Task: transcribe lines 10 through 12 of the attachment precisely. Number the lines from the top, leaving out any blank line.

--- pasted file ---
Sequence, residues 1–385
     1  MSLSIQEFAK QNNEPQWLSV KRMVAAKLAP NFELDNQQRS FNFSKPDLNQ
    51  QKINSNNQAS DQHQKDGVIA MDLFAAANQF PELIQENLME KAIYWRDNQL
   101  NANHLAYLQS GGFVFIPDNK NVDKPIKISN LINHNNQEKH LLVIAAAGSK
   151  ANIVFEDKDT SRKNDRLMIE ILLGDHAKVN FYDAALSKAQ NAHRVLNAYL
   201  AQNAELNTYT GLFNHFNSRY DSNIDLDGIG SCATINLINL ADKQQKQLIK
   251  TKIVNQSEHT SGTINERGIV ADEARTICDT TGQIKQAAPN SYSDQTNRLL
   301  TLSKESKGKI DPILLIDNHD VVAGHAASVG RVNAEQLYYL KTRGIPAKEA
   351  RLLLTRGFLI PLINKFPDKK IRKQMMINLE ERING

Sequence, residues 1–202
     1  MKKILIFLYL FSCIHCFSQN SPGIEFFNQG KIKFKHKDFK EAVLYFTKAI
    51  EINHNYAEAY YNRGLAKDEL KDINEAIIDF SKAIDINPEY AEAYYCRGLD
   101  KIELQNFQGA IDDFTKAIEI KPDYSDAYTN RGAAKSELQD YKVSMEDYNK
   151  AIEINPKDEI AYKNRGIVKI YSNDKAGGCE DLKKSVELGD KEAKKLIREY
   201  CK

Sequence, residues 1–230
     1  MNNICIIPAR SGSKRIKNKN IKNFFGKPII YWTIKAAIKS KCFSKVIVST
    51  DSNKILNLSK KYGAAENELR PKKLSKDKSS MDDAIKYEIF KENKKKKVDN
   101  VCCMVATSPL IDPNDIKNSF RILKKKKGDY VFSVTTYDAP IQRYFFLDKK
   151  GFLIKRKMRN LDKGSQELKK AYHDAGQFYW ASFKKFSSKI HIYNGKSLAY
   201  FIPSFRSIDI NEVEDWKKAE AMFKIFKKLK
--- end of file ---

Sequence, residues 1–202
     1  MKKILIFLYL FSCIHCFSQN SPGIEFFNQG KIKFKHKDFK EAVLYFTKAI
    51  EINHNYAEAY YNRGLAKDEL KDINEAIIDF SKAIDINPEY AEAYYCRGLD